Artist: Dave Douglas Brass Ecstasy
Album: United Front: Brass Ecstasy at Newport
Genre: Avant-Garde Jazz, Post-Bop
Quality: mp3, 221-249 kbps
Spirit Moves 5:02
I’m So Lonesome I Could Cry 7:30
United Front 6:17
Brass bands, like wild animals are best viewed in their native habitats. Watching a lion on the savanna is a much different experience than seeing it caged in a zoo. Likewise, hearing Dave Douglas’ Brass Ecstasy live is superior to any studio recording. Not that the band’s Spirit Moves (Greenleaf, 2009) was a subpar Douglas recording; it’s just that any band inspired by the trumpeter Lester Bowie and the New Orleans brass band tradition should be heard in public.
Recorded at the 2010 Newport Jazz Festival, United Front retains the original lineup of Brass Ecstasy, and the music sizzles from the nostalgic opener, “Spirit Moves,” which acts as a processional, entering quietly as if the brass band was coming from down the street. Soon it’s right there at the doorstep, and everyone is running to catch up with the parade.
This unique lineup matches the marching sounds of trumpet, tuba, and trombone with of Nasheet Waits’ full drum kit, while Vincent Chancey’s French horn balances the outside parade with the inside chamber, and does so nicely. Waits is more than a timekeeper, he’s the turbo engine, with Chancey providing the polishing agent to the sound. On “Rava,” a dedication to Italian trumpeter Enrico Rava, Douglas unfolds the tune with a soulful introduction, before delivering some musical acrobatics over the ever churning harmonies of Chancey and tubaist Marcus Rojas. Trombonist Luis Bonilla then solos over Waits’ pulse, chasing some mystical demon.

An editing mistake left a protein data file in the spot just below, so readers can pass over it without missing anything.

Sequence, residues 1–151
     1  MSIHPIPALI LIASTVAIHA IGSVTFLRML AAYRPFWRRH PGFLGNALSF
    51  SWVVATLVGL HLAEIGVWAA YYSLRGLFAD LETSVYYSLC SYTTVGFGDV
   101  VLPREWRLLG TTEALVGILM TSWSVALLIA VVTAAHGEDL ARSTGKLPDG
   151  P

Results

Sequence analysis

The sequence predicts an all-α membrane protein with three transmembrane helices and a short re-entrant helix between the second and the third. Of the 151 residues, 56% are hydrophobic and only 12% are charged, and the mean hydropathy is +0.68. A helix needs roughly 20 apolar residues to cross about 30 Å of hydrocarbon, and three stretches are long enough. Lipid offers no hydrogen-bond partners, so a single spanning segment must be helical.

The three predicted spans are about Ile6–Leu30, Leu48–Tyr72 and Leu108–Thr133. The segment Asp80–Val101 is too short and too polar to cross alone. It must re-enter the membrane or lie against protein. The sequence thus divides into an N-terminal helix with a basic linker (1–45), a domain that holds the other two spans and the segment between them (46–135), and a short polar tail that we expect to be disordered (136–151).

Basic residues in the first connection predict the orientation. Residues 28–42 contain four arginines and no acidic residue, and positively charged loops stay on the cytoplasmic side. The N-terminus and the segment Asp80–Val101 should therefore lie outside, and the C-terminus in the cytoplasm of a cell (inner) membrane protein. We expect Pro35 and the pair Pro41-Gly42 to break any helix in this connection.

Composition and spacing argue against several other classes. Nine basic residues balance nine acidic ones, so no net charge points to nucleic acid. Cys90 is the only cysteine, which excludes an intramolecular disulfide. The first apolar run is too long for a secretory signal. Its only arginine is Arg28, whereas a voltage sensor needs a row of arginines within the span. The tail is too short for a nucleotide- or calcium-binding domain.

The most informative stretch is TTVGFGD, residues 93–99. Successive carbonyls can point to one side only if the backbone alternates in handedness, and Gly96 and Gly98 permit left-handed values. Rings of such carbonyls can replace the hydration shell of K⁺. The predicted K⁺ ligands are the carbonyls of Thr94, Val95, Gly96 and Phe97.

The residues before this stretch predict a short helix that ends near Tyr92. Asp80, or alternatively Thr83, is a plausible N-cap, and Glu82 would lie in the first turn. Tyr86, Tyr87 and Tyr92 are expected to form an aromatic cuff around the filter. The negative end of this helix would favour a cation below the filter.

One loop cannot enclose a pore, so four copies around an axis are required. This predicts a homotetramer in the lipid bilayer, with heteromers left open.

The band plays all Douglas’ originals, except for Hank Williams’ “I’m So Lonesome I Could Cry,” with Douglas’ muted trumpet of Douglas a bit like 1957-era Miles Davis. When Rojas takes a solo, he blows his tuba by speaking/singing into his mouthpiece to the delight of the crowd. “United Front” crackles with energy, as does the closer, “Bowie,” which mixes multiple styles into a tapestry of sound, skillfully woven into a party quilt.
By MARK CORROTO